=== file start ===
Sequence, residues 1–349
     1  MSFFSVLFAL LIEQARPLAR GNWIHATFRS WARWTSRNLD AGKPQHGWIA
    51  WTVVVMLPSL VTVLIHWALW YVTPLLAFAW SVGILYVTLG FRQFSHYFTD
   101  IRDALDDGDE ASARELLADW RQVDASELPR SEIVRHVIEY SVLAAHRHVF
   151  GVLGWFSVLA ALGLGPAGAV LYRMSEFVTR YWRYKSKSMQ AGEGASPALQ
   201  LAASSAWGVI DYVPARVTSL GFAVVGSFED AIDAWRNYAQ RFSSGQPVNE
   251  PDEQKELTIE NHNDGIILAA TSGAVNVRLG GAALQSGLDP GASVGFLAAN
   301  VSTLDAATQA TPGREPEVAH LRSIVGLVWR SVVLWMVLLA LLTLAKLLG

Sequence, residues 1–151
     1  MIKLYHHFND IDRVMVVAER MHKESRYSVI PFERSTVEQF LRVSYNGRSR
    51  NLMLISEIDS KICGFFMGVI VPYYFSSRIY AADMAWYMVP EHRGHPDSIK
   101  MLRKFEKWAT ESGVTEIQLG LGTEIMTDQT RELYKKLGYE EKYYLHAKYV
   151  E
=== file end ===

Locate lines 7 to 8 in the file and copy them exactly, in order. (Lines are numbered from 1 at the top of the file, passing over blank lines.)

   251  PDEQKELTIE NHNDGIILAA TSGAVNVRLG GAALQSGLDP GASVGFLAAN
   301  VSTLDAATQA TPGREPEVAH LRSIVGLVWR SVVLWMVLLA LLTLAKLLG